Zero trust security: Why companies need it for a hybrid work setup
If your company has a hybrid work setup, it’s critical that you implement zero trust security measures. Zero trust is a comprehensive approach to security that assumes no inherent trust, regardless of location or network boundaries.
Here’s what you need to know about zero trust security and why it’s vital for hybrid work environments.
What is a zero trust security framework?
Unlike traditional perimeter-based security, zero trust doesn’t presume that all users with access credentials are authorized to be in the network and can be trusted with all company data and resources. Instead, zero trust security operates on the principle “never trust, always verify.” This means it reduces risk and tightens digital safety by verifying identities, analyzing behavior, and granting access to resources based on specific user roles.
A key component of the zero trust approach to security is the use of multifactor authentication (MFA). MFA requires users to provide more than one proof of identity, such as PIN codes and biometrics, during the login process for systems or applications. This additional layer of verification makes it significantly more challenging for unauthorized individuals to breach security.
Implementing zero trust security also typically involves the use of microsegmentation. Microsegmentation technology can help prevent attackers from gaining access to larger parts of the network by breaking down larger networks into smaller segments with limited access privileges.
By incorporating MFA and adhering to other fundamental principles of the zero trust security framework, your business can establish a robust defense system that safeguards your sensitive assets. Even President Biden has set a goal for federal agencies to implement zero trust security in line with his Executive Order on Improving the Nation’s Cybersecurity.
Why is a zero trust security framework vital in a hybrid work environment?
In a hybrid work environment, there are several cyber risks that can be best prevented with a zero trust framework, including the following:
- Data breaches: Data breaches can be especially damaging in a hybrid work environment. This is because remote workers often have access to sensitive data, and they may not be using the same security measures as employees who are working in the office.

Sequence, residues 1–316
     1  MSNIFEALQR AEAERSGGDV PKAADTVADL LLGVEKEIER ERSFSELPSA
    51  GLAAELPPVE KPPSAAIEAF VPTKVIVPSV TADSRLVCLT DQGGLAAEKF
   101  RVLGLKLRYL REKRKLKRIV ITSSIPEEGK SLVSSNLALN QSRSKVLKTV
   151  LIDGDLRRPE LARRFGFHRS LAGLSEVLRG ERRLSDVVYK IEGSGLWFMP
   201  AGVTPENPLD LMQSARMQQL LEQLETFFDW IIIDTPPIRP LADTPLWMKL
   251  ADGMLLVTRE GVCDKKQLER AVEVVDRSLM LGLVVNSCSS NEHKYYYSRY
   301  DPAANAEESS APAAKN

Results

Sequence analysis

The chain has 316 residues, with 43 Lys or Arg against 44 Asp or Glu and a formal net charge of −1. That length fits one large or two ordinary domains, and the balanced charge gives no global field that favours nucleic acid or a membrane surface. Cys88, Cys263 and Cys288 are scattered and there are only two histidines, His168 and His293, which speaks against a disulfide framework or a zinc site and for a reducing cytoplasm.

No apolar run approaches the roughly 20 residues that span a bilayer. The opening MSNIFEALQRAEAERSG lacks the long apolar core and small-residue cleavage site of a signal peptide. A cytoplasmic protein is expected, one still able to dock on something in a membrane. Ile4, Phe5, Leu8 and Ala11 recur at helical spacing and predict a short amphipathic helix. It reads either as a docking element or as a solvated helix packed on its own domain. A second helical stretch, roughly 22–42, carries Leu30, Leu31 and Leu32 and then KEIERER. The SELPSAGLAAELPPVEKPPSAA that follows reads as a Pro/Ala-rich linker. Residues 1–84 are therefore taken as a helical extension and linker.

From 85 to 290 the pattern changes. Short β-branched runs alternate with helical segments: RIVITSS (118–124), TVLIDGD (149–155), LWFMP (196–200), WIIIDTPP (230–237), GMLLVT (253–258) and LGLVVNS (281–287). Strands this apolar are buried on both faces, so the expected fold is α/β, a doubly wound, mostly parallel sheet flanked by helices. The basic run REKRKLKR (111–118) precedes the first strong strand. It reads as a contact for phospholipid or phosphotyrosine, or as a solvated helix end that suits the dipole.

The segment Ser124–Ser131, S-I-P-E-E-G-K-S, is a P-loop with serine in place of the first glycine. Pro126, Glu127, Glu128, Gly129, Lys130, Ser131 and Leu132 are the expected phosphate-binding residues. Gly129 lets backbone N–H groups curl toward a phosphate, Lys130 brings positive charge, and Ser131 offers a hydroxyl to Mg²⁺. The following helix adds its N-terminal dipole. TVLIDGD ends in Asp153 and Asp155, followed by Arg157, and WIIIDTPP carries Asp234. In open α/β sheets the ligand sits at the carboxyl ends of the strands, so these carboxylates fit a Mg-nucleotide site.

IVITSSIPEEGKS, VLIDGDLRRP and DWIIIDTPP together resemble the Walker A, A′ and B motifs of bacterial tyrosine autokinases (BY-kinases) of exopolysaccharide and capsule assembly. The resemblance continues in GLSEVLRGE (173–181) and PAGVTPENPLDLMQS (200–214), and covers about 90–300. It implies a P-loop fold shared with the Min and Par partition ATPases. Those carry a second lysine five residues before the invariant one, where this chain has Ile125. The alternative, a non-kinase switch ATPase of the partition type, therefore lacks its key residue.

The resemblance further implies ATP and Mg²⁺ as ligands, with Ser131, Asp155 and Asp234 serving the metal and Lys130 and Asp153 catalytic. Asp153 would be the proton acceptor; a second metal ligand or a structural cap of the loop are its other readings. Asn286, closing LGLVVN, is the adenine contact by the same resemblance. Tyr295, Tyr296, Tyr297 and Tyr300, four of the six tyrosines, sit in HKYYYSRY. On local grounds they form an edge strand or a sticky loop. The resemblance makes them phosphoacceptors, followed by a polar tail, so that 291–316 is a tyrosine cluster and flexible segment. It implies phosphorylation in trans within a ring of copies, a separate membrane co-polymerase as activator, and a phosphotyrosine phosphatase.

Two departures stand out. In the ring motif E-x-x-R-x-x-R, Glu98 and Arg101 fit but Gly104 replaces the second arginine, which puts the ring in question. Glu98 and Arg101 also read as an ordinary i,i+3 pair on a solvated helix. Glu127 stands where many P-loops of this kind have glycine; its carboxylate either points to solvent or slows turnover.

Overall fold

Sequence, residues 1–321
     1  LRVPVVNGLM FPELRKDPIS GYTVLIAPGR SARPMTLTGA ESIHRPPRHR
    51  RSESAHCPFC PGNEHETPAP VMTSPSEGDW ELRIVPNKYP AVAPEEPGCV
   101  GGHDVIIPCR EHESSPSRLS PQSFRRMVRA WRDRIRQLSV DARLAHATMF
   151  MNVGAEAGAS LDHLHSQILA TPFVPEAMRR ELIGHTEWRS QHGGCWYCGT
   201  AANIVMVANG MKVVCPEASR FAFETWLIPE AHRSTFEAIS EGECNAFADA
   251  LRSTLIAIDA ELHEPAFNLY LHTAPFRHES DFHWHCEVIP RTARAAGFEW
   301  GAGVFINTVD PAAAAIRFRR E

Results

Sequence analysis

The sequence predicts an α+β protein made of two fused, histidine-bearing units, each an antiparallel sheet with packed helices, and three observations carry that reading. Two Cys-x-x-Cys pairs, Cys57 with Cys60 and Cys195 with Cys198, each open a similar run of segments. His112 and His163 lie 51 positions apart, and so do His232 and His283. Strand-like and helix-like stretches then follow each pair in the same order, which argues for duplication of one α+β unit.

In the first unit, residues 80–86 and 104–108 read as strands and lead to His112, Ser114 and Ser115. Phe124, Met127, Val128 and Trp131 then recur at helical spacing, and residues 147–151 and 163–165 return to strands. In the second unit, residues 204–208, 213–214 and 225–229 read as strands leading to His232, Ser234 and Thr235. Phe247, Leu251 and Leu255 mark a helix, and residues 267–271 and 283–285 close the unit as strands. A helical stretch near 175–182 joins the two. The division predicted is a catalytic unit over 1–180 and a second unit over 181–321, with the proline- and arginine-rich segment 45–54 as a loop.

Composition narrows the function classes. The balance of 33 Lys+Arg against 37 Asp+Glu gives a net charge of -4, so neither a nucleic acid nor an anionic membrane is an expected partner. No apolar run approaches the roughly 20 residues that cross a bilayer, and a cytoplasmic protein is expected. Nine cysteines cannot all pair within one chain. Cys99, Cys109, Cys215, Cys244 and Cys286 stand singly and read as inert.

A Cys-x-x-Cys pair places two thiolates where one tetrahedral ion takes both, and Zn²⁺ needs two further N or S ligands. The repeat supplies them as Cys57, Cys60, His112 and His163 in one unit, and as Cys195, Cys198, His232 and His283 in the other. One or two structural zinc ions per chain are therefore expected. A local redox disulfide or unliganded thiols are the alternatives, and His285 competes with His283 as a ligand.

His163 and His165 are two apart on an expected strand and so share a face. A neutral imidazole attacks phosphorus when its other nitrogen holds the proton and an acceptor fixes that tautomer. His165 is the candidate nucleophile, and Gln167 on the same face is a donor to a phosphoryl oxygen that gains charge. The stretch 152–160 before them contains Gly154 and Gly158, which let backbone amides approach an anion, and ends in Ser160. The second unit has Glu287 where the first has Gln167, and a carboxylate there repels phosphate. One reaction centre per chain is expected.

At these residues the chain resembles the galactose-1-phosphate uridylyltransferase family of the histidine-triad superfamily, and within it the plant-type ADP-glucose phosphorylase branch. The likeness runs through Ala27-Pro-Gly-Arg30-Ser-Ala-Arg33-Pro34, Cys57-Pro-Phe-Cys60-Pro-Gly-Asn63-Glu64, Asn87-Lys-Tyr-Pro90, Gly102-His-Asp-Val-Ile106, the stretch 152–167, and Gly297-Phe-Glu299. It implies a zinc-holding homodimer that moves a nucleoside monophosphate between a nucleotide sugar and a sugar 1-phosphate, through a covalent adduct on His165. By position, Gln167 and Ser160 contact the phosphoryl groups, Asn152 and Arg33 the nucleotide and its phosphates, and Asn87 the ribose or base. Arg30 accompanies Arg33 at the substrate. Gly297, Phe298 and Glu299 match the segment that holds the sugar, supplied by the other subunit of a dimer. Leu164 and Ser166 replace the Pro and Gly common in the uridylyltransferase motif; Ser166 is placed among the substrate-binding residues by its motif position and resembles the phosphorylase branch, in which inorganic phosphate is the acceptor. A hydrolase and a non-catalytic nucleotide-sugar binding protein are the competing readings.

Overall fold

- Phishing attacks: Phishing attacks can be used to steal sensitive information, such as passwords and credit card numbers. In a hybrid work environment, remote workers may be more likely to fall victim to phishing attacks because they may be less familiar with the security measures that are in place at their company. This is especially true in the case of new employees who may not have spent a lot of time in the office and have not received adequate information security training.
- Malware: Malware is a type of software that can be used to damage or disable computer systems. It can be spread through a variety of ways: as email attachments, via malicious websites, and through USB drives. In a hybrid work environment, remote workers may be more likely to be exposed to malware because they may be using personal devices to connect to the company network.
- Zero-day attacks: Zero-day attacks are those that exploit vulnerabilities in software that the software vendor is not immediately aware of. Zero-day attacks can be very difficult to defend against, and they can be especially damaging in a hybrid work environment because remote workers may not be using the latest security patches. While zero trust security cannot completely prevent zero-day attacks, it can help to mitigate the risk. That’s because with a zero trust security framework, organizations can make it more difficult for attackers to gain access to systems and data, even if such attackers are able to exploit a zero-day vulnerability.
With zero trust security, companies can mitigate these cyber risks and maintain a secure IT infrastructure that accommodates the needs of a remote workforce and ensures that sensitive data remains safe and secure.
To set up zero trust effectively and efficiently, partner with a managed IT services provider (MSP) like NetWize. Our experts have the knowledge, experience, and resources to navigate the complexities of zero trust implementation, tailor it to your organization’s specific needs, and provide ongoing monitoring and support.
|Related reading: 7 Cloud security best practices to protect your data|
By working with an MSP, you can confidently establish a robust zero trust framework that protects your hybrid work environment and enables your organization to operate securely. Call us today.